Sales tax system fairer, reduces loopholes

HOUSTON (U-WIRE) — One of the fundamental debates that occurs every four years, signaling the upcoming presidential elections, is the debate over taxes. The Republicans want to give the American people their “hard-earned” money back in the form of tax cuts. The Democrats want to raise taxes in our time of prosperity, so that all people, regardless of their work ethic, can “participate in our booming economy.”
While I would obviously prefer the Republican approach to that of the Democrats, it seems to me that the very existence of this argument runs in conflict with the principles of liberty and self-determination that have made this country the exemplary democratic model that it is today.
America’s founders did not dream of a nation where the government has first claim on the earnings of its citizens. According to John Locke, one of the primary sources of inspiration for the founders, the government should exist to serve the people, not the contrary.
As the tax system exists today, the American people are mere serfs to a government that confiscates a percentage of their earnings, even before the people receive their payment for their work. In fact, when looked at from the perspective of the serf-master relationship of the Middle Ages, the American people are actually under worse conditions than the serfs were. At least serfs were allowed to purchase the essentials for survival before they were taxed. Americans are not even granted that luxury.
The only current tax proposal consistent with the founding principles of our nation is the national consumption tax, as advocated by presidential candidate Alan Keyes. A national sales tax would put the powers of taxation back in the hands of the American people, as it was originally intended. Each individual citizen would have the opportunity to choose their respective tax rates by virtue of the purchase choices they make.
Under Keyes’ proposal, certain items such as food, low-income housing and certain essentials for survival would be included in a “market basket” of goods that are not subject to taxation. Certainly, these items would not be heavily sought-after luxury items; however, the existence of this “market basket” would offer low-income families the opportunity for a tax-free existence.
Furthermore, those with higher income levels would be more likely to have higher tax rates simply by virtue of the fact that they are more likely to spend money on luxury items such as vacations, yachts and fine automobiles.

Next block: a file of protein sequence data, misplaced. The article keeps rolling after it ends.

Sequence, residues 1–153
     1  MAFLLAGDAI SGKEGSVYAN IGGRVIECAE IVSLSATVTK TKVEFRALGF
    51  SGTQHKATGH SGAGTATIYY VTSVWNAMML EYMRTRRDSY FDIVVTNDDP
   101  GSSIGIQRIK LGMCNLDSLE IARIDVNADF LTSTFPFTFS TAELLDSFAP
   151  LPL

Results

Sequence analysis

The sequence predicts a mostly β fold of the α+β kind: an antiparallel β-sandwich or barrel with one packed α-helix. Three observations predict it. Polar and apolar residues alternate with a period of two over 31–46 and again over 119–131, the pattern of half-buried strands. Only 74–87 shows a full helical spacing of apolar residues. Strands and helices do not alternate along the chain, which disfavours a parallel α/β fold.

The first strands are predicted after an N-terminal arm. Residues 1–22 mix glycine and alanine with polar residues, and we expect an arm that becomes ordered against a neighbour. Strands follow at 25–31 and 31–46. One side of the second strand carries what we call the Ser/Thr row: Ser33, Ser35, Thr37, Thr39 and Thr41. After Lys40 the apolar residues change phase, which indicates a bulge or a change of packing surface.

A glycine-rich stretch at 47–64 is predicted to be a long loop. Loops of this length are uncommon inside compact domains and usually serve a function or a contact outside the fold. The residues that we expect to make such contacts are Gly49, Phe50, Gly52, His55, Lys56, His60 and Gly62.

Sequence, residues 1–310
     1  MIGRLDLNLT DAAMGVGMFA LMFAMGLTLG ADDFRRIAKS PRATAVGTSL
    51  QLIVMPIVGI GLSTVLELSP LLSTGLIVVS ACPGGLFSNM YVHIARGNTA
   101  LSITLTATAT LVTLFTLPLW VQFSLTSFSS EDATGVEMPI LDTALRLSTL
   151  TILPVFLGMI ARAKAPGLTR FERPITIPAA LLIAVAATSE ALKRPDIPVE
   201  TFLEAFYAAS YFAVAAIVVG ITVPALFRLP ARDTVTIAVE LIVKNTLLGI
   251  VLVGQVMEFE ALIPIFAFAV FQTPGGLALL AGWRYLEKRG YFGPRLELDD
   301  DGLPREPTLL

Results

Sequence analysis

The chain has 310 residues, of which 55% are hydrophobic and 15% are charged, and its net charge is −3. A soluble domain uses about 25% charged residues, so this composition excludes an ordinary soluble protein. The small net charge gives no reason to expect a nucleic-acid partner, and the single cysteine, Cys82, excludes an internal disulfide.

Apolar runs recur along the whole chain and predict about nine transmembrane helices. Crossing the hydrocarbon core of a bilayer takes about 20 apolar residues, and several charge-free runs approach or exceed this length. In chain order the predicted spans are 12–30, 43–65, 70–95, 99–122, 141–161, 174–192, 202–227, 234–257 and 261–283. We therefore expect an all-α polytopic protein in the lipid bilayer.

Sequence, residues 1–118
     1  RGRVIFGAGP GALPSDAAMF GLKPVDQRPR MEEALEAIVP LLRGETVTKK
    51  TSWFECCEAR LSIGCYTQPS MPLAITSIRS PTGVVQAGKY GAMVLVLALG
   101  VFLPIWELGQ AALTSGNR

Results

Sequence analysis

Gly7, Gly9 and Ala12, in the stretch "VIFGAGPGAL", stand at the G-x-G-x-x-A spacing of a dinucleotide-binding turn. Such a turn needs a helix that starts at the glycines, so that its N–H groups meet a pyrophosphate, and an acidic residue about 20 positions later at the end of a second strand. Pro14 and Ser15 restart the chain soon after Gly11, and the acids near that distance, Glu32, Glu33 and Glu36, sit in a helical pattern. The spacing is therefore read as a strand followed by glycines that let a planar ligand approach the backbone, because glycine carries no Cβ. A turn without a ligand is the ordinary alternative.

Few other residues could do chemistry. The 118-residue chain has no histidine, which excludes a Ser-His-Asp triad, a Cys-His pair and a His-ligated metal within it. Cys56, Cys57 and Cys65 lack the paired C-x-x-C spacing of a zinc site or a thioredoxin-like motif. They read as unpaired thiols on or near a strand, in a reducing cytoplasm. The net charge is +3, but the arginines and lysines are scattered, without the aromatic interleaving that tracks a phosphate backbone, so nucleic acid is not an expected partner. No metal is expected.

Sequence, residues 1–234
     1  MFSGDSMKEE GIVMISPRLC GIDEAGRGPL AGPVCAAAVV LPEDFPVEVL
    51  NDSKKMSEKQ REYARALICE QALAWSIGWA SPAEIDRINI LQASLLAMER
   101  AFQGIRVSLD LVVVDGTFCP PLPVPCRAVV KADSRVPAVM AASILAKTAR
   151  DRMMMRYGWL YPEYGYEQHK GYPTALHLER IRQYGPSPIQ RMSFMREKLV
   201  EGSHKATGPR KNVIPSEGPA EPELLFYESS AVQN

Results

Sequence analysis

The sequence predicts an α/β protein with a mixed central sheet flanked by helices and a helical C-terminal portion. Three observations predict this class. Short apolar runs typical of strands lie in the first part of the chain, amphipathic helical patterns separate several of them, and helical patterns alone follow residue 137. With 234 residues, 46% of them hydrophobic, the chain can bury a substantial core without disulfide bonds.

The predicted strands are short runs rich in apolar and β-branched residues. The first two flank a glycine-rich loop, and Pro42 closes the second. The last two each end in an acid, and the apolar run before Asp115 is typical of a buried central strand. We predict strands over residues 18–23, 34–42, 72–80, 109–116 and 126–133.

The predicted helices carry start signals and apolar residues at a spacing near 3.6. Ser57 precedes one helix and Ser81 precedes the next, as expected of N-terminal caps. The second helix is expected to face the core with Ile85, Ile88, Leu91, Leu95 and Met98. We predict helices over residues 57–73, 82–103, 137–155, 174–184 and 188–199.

In addition, there are numerous economic benefits to a consumption tax system. Taxing purchases rather than earnings would encourage savings and investment, because money that is invested or put in savings would not be subject to taxation. The sales tax system would eliminate tax evasion and tax loopholes, eradicate the IRS and force those that profit from illegal businesses to take the role of taxpayer as well.
The sales tax system offers a win-win situation to all Americans. It places the power back in the hands of the people, allowing each person to choose his or her tax rate. It affords each citizen the opportunity to remove the hand of government from his or her pocketbooks. It allows those with limited finances to avoid taxation altogether and devote their funds to improving their situation. It does not discourage financial success by necessarily imposing heavier taxes on those individuals that reach higher echelons of economic status.
The consumption tax places the tax burden on those Americans with the will and the means to purchase luxury items while forcing those who currently do not pay taxes, such as illegal business owners and those who import U.S. goods, to accept some of the tax-paying burden. It encourages savings and investment, which will ensure continued prosperity, as well as an easy retirement for many people. And, most importantly, it is consistent with the principles of liberty, freedom and limitation of government that this nation was founded on.
Adam D. Elrod’s column originally appeared in Tuesday’s University of Houston paper, The Daily Cougar.